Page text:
“They don’t seem to have the same confrontational political theater that we engage in, with the 12 senators looking down at one witness at the table,” Sneider said. “I’m fairly certain this will be a unique experience for Mr. Toyoda.”

The company would not comment on its efforts to prepare its president for his testimony, though a spokeswoman did confirm Toyota had retained Glover Park Group, a well-connected communications firm co-founded by former Clinton Press Secretary Joe Lockhart.

Experts said Toyoda’s advisors probably started prep work with intelligence gathering. An executive needs to know whether he or she has allies on the committee and exactly what the tone of the hearing will be. Then the witness often tries to reach out to lawmakers personally, either with a telephone call or personal visit.

“It’s harder to attack someone that you’ve met,” said Gene Grabowski, senior vice president at Levick Strategic Communications, a firm that has advised toy and pet food companies involved in recalls as well as other industries under federal investigation.

Grabowski said his next step would be to set up “the murder board,” a mock hearing that can last for hours and spares no one.

“You assemble six or seven of the meanest, sharpest people you have and they pretend to be members of Congress. They throw every insult, attack, harsh question they can,” Grabowski said. “You condition [the client] not to take the bait.”

Not all crisis management experts follow the “Sit there and take it” strategy. Jim McCarthy, president of CounterPoint Strategies, said he tells his clients to push back and make a case for their company’s actions and value.


“If you roll over, it becomes a trial,” he said. “And that’s a chief reason not to suffer the accusation. It hurts your brand and it confirms what regulators think of you.”

McCarthy pointed to recent testimony in which Goldman Sachs Chairman Lloyd Blankfein defended his company’s practice of hedging its risk on subprime mortgages. Blankfein got his point across, but also stole the spotlight.

Not all experts see that as a good thing.

“You are auditioning for a part you don’t want to get,” Bennett said. “You don’t want to be so brilliant that they call you back again and you become a poster boy for the auto industry’s problems.”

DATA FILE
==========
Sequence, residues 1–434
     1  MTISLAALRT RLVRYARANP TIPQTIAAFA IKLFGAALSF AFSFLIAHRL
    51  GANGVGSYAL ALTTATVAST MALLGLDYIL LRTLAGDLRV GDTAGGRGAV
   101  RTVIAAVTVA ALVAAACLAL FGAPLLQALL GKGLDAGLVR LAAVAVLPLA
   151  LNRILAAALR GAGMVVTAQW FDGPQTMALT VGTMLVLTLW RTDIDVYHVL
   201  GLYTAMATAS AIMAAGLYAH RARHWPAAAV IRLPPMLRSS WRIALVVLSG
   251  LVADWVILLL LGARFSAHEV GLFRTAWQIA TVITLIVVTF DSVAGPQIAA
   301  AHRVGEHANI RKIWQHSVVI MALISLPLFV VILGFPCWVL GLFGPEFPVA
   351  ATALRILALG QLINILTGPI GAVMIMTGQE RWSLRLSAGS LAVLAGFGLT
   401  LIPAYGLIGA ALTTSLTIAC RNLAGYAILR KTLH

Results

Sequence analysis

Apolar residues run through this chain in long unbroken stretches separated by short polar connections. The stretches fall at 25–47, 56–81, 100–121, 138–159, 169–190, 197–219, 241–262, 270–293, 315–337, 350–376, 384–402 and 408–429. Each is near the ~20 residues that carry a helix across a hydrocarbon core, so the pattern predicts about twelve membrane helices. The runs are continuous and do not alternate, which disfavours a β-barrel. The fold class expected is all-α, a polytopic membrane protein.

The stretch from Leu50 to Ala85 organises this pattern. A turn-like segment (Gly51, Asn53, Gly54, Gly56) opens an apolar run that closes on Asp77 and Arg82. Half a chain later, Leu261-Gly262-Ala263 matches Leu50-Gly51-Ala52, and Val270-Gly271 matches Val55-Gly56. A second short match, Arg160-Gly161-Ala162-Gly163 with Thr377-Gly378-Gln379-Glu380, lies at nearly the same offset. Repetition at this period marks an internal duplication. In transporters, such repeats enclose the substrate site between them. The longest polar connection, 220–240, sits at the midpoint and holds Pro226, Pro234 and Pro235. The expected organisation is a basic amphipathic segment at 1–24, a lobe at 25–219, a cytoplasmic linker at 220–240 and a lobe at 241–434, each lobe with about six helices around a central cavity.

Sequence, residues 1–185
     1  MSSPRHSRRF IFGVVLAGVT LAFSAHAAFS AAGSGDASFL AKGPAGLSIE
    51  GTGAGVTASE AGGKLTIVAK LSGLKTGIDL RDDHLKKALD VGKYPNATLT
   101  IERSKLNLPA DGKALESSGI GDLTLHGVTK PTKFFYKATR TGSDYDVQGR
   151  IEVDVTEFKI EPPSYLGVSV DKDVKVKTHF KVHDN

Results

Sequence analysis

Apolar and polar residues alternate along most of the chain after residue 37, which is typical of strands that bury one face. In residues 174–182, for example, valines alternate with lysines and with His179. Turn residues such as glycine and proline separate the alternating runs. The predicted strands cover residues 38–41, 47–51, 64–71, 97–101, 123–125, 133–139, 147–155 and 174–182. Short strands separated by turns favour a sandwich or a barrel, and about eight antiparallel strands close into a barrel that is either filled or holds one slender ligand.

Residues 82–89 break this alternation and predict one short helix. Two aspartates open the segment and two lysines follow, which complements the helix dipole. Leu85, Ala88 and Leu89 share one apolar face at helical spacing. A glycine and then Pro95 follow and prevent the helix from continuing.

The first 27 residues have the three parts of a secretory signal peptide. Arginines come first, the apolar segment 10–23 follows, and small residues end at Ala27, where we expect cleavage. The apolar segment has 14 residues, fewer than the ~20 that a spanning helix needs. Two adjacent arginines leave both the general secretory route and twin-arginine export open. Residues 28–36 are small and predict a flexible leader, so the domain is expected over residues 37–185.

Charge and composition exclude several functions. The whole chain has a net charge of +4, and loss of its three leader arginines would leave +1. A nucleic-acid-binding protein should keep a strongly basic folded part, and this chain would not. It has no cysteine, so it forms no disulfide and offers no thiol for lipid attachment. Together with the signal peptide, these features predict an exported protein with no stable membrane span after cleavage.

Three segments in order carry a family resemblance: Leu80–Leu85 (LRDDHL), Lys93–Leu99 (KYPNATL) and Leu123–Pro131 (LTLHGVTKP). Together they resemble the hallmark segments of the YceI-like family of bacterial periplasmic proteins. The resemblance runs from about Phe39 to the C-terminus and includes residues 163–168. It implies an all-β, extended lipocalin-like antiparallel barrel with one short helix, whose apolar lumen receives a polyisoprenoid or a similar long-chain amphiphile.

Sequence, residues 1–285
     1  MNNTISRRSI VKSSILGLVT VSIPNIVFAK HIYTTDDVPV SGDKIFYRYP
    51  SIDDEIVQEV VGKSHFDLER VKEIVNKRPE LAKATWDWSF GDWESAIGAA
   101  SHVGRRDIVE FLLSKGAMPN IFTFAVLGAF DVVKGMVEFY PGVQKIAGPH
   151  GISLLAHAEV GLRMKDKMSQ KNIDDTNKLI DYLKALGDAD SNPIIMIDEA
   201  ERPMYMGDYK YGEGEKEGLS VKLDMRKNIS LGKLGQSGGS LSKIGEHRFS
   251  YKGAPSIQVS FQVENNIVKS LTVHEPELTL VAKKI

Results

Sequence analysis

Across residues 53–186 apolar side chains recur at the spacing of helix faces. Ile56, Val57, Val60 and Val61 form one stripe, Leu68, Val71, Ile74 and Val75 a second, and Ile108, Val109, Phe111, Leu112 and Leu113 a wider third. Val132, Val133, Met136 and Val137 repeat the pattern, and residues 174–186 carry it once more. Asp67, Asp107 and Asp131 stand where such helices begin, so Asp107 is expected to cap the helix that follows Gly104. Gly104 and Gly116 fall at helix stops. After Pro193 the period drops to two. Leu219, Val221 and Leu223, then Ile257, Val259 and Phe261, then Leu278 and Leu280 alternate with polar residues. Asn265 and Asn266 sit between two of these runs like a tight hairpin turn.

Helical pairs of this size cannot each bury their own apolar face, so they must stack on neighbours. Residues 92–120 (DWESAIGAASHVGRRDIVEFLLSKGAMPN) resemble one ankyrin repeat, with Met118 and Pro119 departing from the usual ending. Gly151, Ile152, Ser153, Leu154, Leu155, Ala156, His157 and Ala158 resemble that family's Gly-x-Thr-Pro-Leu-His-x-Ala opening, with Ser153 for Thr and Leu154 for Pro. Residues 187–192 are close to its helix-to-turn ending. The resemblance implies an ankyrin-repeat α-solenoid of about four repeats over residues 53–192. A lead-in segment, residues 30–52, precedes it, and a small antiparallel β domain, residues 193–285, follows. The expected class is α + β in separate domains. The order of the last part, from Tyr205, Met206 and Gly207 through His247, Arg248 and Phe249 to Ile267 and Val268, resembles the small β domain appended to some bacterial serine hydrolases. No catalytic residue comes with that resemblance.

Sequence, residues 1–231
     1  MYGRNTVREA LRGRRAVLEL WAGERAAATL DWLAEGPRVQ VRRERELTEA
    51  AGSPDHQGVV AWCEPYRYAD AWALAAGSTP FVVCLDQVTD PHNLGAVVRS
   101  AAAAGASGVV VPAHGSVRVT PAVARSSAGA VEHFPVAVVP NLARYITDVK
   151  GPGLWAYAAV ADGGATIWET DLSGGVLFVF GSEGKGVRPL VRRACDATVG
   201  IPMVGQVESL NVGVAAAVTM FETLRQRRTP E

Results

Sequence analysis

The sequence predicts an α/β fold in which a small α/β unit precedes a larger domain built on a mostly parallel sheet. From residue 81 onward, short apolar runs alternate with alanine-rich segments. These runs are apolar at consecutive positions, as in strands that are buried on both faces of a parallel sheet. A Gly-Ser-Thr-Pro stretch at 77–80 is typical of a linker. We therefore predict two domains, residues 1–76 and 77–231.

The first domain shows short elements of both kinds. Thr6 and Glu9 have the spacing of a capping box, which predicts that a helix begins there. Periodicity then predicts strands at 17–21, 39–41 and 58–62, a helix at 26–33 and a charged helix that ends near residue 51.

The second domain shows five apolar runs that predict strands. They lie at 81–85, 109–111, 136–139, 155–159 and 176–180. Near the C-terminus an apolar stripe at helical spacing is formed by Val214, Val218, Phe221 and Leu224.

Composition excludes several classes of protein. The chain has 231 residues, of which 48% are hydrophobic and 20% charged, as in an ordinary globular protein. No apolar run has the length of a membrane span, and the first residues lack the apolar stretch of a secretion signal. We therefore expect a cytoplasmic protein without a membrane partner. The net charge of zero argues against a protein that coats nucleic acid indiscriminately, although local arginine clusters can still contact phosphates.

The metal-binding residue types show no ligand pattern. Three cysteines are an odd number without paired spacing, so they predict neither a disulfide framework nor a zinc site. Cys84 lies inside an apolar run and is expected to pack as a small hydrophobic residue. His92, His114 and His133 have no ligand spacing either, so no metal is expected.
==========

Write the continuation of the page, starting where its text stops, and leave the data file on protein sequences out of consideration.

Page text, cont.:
Toyoda appears to be taking the contrite approach. In an opinion piece published Tuesday in the Wall Street Journal, he acknowledged the company “didn’t listen as carefully as we should” to its customers. He plans to apologize in his opening remarks to the House committee, according to a statement submitted to the committee.

Committee Chairman Edolphus Towns (D-N.Y.) said he expected full cooperation from Toyoda and disputed the characterization of the hearing as a political theater.

“It’s not a situation where we want to beat up on anybody to score points. We want to make sure the safety issue is taken care of,” Towns said.

Toyoda will be joined by Department of Transportation Secretary Ray LaHood, David L. Strickland, the head of the National Highway Traffic Safety Administration, and people whose family members have died in car crashes blamed on the unintended-acceleration problem.

Toyoda, who went to business school in the U.S. but is not fluent in English, plans to use a translator to answer questions. He plans to read his opening statement in English, committee staff said.

That statement sets the tone and often writes the headline, experts noted, which is why many executives use it to announce some proactive new plan, inquiry or other piece of news that will demonstrate the company’s response to a problem. It’s also a chance to establish credibility, Bennett said.

“They always start out with ‘I’m pleased to be here,’ and I always cross that out,” he said. “You’re not pleased to be there. Who wants to be there?”


Times staff writer Jim Puzzanghera in Washington contributed to this report.